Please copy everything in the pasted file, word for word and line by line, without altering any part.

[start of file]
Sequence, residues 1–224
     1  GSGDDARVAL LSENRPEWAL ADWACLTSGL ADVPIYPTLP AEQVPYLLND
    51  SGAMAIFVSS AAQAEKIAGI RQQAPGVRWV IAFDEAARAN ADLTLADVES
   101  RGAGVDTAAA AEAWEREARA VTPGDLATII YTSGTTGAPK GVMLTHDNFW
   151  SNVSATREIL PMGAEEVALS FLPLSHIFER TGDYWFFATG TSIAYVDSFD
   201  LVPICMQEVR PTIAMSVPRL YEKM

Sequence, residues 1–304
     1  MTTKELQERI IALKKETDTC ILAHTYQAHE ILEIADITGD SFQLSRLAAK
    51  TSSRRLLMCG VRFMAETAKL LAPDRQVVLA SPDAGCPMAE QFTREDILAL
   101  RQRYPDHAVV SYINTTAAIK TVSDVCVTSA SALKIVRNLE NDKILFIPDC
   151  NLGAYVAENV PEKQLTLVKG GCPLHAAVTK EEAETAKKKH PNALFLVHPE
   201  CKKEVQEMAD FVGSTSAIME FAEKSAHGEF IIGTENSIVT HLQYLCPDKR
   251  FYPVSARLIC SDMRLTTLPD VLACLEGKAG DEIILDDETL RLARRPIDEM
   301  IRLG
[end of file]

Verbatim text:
Sequence, residues 1–224
     1  GSGDDARVAL LSENRPEWAL ADWACLTSGL ADVPIYPTLP AEQVPYLLND
    51  SGAMAIFVSS AAQAEKIAGI RQQAPGVRWV IAFDEAARAN ADLTLADVES
   101  RGAGVDTAAA AEAWEREARA VTPGDLATII YTSGTTGAPK GVMLTHDNFW
   151  SNVSATREIL PMGAEEVALS FLPLSHIFER TGDYWFFATG TSIAYVDSFD
   201  LVPICMQEVR PTIAMSVPRL YEKM

Sequence, residues 1–304
     1  MTTKELQERI IALKKETDTC ILAHTYQAHE ILEIADITGD SFQLSRLAAK
    51  TSSRRLLMCG VRFMAETAKL LAPDRQVVLA SPDAGCPMAE QFTREDILAL
   101  RQRYPDHAVV SYINTTAAIK TVSDVCVTSA SALKIVRNLE NDKILFIPDC
   151  NLGAYVAENV PEKQLTLVKG GCPLHAAVTK EEAETAKKKH PNALFLVHPE
   201  CKKEVQEMAD FVGSTSAIME FAEKSAHGEF IIGTENSIVT HLQYLCPDKR
   251  FYPVSARLIC SDMRLTTLPD VLACLEGKAG DEIILDDETL RLARRPIDEM
   301  IRLG